Unfortunately the real reason for this change is obvious. The Ending to Mass Effect 3 was universally reviled, so nonsensical, so impossible to write their way out of... It's pretty clear that the writers have switched galaxy just to avoid having to deal with the original trilogy's car-crash of an ending. It's lazy, craven, just plain shoddy, but it is what it is, and that means the game starts off on an unfortunately sour note.

Fortunately, once you get past the poorly conceived premise, it's really not such a bad set up for a game. That "frontier" aesthetic and "exploring strange new worlds" is a great concept for a sci-fi story, even if its justification into the larger Mass Effect world is somewhat half-assed. In fact Bioware have come up with a number of very clever ideas for how to make the most of this new setting, starting with the player's ship, Tempest, and its crew.

A player's ship and its crew have always been central to the Mass Effect experience. Andromeda takes this one step further. Players control the Tempest, a much smaller ship than we're used to, with a much smaller crew. The benefit of this is that every single crewmember is a fully fleshed out person, with their own detailed background, conversation tree and story arc. This turns out to be a brilliant move, making life aboard the Tempest far more immersive than ever before, and character interaction far more rewarding.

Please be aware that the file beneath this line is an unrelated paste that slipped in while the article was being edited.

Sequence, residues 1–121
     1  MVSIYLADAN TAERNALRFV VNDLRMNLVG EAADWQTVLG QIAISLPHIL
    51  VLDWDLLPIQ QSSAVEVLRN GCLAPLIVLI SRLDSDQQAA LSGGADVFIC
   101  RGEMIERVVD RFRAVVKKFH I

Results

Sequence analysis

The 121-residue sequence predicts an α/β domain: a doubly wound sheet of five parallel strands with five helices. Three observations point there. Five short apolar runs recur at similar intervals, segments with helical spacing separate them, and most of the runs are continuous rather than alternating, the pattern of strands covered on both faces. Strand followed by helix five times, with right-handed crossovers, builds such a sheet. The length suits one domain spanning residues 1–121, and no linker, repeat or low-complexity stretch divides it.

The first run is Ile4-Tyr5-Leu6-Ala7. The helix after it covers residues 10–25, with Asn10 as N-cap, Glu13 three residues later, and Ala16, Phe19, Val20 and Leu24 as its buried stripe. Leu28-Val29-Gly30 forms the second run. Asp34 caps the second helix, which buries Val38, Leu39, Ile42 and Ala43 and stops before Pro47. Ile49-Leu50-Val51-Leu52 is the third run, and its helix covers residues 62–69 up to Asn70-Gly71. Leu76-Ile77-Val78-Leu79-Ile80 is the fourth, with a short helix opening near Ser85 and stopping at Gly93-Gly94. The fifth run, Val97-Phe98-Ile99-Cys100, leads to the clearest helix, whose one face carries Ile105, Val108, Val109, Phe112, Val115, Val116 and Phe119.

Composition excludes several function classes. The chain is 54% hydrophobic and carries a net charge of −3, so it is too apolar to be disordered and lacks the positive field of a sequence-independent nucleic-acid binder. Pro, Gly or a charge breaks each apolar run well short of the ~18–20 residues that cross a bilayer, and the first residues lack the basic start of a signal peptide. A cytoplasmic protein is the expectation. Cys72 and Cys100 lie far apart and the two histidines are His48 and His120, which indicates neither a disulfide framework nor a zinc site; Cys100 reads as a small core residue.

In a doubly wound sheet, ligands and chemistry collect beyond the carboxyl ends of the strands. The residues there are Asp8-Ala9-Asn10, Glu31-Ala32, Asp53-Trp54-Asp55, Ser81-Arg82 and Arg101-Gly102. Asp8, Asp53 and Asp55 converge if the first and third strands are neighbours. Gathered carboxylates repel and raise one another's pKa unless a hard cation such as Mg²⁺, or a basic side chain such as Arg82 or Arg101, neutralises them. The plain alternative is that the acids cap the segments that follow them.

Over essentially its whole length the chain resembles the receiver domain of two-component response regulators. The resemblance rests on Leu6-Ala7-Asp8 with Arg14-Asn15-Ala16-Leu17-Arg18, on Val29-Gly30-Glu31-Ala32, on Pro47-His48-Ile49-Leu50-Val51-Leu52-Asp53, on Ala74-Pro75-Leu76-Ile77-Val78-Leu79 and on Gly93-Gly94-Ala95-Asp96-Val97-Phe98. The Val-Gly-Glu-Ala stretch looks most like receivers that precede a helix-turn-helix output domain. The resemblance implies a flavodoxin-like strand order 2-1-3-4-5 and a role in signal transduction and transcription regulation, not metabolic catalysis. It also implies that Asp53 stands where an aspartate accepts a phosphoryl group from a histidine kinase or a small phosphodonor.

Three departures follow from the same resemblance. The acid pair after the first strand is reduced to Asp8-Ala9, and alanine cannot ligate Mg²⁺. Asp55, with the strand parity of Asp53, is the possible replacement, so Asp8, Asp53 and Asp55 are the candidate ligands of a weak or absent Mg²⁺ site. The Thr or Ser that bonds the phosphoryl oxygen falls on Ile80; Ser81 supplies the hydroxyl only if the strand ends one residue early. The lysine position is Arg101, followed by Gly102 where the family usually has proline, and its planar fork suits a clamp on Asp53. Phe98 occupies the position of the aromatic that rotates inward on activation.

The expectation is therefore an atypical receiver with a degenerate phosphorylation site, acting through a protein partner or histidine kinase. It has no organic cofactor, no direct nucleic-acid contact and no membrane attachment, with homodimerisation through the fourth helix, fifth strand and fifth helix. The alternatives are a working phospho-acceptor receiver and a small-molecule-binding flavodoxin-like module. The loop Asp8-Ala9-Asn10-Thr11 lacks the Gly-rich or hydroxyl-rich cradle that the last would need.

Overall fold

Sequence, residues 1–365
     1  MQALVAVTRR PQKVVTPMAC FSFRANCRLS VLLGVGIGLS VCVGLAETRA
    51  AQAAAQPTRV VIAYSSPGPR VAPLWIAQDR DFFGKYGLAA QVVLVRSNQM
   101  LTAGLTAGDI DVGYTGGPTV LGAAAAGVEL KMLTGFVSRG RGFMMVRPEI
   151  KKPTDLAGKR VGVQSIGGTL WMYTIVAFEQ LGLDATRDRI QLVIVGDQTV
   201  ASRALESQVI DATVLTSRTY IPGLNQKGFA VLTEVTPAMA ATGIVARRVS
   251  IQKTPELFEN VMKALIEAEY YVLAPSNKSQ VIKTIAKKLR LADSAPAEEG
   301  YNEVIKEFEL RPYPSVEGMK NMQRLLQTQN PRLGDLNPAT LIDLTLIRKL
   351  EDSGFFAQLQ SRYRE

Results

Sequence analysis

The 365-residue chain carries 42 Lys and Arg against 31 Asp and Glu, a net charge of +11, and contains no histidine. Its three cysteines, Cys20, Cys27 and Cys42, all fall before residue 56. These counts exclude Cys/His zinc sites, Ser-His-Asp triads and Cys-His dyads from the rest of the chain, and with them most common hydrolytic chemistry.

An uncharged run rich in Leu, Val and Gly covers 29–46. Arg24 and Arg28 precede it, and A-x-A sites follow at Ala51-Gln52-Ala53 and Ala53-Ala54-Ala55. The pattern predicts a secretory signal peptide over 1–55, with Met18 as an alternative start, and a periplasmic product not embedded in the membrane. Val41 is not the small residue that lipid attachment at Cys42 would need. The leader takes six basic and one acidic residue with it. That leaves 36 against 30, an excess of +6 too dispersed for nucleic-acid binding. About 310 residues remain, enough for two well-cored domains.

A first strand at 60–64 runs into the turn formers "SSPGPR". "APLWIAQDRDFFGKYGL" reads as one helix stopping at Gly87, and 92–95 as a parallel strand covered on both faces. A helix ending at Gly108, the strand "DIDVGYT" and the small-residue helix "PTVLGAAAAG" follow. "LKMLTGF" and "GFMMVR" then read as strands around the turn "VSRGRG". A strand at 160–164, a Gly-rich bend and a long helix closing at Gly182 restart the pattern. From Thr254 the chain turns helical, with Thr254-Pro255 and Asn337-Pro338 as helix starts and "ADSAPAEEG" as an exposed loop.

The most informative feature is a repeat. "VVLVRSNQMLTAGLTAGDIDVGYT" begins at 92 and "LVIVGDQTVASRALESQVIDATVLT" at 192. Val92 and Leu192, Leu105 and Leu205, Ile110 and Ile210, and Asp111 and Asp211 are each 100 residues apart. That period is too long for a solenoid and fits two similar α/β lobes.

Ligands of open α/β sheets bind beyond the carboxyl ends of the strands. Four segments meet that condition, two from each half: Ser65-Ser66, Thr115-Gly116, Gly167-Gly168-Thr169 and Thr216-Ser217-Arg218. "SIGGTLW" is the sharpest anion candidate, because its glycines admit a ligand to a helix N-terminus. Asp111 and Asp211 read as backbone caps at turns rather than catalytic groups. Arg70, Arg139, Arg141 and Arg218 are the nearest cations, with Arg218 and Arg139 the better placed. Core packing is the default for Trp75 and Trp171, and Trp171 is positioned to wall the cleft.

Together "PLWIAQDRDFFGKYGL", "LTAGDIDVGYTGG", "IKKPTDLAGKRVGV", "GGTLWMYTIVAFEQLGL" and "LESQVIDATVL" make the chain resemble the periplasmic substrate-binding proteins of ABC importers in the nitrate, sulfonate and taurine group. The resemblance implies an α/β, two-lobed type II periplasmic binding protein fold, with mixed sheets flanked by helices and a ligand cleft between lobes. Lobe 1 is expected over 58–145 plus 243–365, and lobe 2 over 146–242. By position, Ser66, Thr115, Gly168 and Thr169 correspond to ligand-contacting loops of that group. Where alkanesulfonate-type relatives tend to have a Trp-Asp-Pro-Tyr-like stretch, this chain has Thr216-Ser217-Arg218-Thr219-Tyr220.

A good idea, ruined by Mass Effect Andromeda's fundamental flaw: the writing is just not very good, sadly confirming any initial misgivings I had. The Mass Effect series has always prided itself on sharp, high quality writing. Andromeda sees the reins handed over to a new team of writers, headed up (bafflingly) by the people responsible for Mass Effect 3's much maligned ending. Unfortunately this new team is nowhere near as talented as the old one.

It's not a complete disaster, but it's decidedly mixed. Certain scenes are so horrendously written that it is hard to believe a professional got paid to write them, whereas others are passable. One character in particular, Liam is so badly written that it's honestly hard to understand what's going on. Literally, I'll watch a cutscene and then think "what the hell just happened?". One scene features Liam and another crew member stripping naked and swearing at each other... for reasons that aren't really explained. Others involve Liam pulling characters and stories that have never been referenced before out of nowhere and taking actions that make absolutely zero sense. It's almost like the writers decided they wanted to have a particular scene, and then awkwardly forced the dialogue around it. It shows.